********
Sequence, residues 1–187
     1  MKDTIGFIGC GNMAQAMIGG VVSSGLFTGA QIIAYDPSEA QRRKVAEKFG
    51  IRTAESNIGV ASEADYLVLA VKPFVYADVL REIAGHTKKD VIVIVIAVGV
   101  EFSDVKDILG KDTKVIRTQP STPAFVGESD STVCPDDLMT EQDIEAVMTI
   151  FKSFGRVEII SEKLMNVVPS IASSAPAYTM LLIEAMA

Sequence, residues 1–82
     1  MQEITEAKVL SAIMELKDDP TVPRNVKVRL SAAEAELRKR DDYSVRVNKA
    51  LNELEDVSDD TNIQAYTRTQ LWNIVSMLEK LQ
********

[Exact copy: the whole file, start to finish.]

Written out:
Sequence, residues 1–187
     1  MKDTIGFIGC GNMAQAMIGG VVSSGLFTGA QIIAYDPSEA QRRKVAEKFG
    51  IRTAESNIGV ASEADYLVLA VKPFVYADVL REIAGHTKKD VIVIVIAVGV
   101  EFSDVKDILG KDTKVIRTQP STPAFVGESD STVCPDDLMT EQDIEAVMTI
   151  FKSFGRVEII SEKLMNVVPS IASSAPAYTM LLIEAMA

Sequence, residues 1–82
     1  MQEITEAKVL SAIMELKDDP TVPRNVKVRL SAAEAELRKR DDYSVRVNKA
    51  LNELEDVSDD TNIQAYTRTQ LWNIVSMLEK LQ